This isn't your average WHACK! POW! comic book. In fact, there is almost no violence or glammed-out secret weapons. Grant Morrision takes us through a masterful exploration into the psyche of Bruce Wayne, a man who suffered a tragic loss at an early age and formed a very clear alternate identity. Is he a crime fighter, or does he suffer from MPD (Multiple Personality Disorder), and does it even matter.

Set in
Sam Quixote
Based solely upon his 2006-2013 run, Grant Morrison might be the greatest Batman writer of all time. But he wasn’t always so brilliant as his first Batman book, the mega-selling Arkham Asylum: A Serious House on Serious Earth, shows.

The inmates have overrun the asylum and are holding civilians hostage. With Joker running free with a knife, Batman goes into the asylum to stop him and enters a nightmarish netherworld. Meanwhile, the troubled life of the asylum’s founder, Amadeus Arkham, is explor
A batman tale at its best, as it reaches unflinchingly deep into the recesses of the human psyche. While the comic may be accused by some as symptomatic of an attempt at at best, pop psychology, I think the authors have done a marvellous job in portraying the differences by which Batman and The Joker are negotiating what are in essence, very similar psychological conflicts.
This is done on a backdrop literally seething with a brooding, menacing perceived threat of total disintegration, which was
Oct 06, 2008 Werebot rated it 1 of 5 stars  ·  review of another edition
Recommends it for: the one Batman fan in the world who hasn't read it.
I know that a lot of the modern Batman mythos has a lot to do with the whole evil outside vs. darkness within motif, but this is ridiculous. What a pretentious bunch of nonsense. And I've never gotten the attraction to Dave McKean's art. But then, I'm not a goth nerd. I can never tell what's going on, everything's too dark and splotchy and covered in symbols. This is a Batman comic book. Let's not overthink it. When did we let the British take over our comic books anyway? Neil Gaiman and co. nee ...more
3.5 stars. Superb art by Dave McKean and a mostly good story by Grant Morrison (with flashes of brilliance) highlight this quality Batman graphic novel. The reason it doesn't rate higher overall is because there were a few "huh?" moments where the story was a bit hard to follow and I think the creators at times sacrificed story at the altar of atmosphere.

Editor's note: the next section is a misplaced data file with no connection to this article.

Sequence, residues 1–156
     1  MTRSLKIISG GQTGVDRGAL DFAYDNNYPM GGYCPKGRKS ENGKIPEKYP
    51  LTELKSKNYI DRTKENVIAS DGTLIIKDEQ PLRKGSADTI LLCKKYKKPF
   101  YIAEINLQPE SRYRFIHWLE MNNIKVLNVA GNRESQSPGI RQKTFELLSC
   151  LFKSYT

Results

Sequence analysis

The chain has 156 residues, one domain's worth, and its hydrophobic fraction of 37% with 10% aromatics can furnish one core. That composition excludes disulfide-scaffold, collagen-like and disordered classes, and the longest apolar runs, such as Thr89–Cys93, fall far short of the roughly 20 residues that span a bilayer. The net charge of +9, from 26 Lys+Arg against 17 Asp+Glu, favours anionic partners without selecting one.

I like dark, sinister and menacing stuff. Arkham Asylum threw out the rule book and invented a new one. A darker one. A cruel one.

And it tests the boundaries of your comfort zone.

I adore every twisted page. They have a rich and dark quality. My mind is full of dark thoughts. I only think in black.
Batman is alerted that the inmates of Arkham Asylum have taken over the premises. If this isn't dangerous enough, they're threatening to murder everyone in the facility unless Batman agrees to a face to face meeting.

I understand that a lot of people can appreciate the style in which both Morrison and McKean approached Batman, however this just wasn't for me. Maybe I like my stuff a little more.. focused? I have no idea if that's the right word. I feel like I'm almost speaking a form of blasphemy
یکی از کمیک های به یاد موندنی بتمن.
بذارید اینجوری شروع کنم.

مرد عنکبوتی، خصوصیت اصلیش سرزنده بودنشه. پیوسته طنز میگه و خود شیوه ی حرکتش (تاب خوردن هاش) این سرزنده بودن رو تقویت میکنن.
سوپرمن، خصوصیت اصلیش درستکاری و عدالت جو بودنشه.
کاپیتان آمریکا، خصوصیت اصلیش افتخار و وفاداری و سرباز بودنشه، که از اسم و لباسش هم میباره این خصوصیت.

شخصیت بتمن، با هراس آمیخته شده. خصوصیت اصلی بتمن، بی رحم و جدی بودنشه. این خصوصیت اخلاقی کاملاً با لباس سیاه، با خفاش و نهایتاً با شب گرد بودنش خیلی متناسبه.
طراح های شخص
 Danielle The Book Huntress (Self-Proclaimed Book Ninja)